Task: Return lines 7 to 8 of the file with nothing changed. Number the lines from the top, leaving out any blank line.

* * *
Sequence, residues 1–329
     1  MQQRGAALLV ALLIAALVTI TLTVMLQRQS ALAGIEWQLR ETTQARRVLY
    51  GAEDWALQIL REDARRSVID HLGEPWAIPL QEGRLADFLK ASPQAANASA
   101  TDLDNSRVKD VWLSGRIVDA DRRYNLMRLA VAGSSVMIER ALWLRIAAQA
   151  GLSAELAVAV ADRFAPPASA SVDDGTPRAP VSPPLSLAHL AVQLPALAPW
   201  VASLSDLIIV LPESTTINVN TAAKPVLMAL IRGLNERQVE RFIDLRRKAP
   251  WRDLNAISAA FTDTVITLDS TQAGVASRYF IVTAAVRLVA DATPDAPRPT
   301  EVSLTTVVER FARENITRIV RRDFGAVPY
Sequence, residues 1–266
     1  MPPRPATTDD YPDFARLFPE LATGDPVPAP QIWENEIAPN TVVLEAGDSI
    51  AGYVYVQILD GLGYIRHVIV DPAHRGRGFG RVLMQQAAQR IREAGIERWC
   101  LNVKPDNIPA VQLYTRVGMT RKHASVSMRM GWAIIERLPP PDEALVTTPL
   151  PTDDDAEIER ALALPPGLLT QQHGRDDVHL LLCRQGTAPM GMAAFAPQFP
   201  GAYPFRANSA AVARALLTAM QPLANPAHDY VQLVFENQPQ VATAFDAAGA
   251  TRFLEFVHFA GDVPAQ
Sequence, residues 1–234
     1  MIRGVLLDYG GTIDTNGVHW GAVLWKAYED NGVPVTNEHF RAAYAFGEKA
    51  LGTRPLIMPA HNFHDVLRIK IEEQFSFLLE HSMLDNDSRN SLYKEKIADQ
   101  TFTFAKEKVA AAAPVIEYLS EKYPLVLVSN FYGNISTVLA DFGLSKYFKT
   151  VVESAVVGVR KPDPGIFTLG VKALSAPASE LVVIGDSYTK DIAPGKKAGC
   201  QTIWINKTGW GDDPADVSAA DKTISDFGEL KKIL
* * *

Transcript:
   251  WRDLNAISAA FTDTVITLDS TQAGVASRYF IVTAAVRLVA DATPDAPRPT
   301  EVSLTTVVER FARENITRIV RRDFGAVPY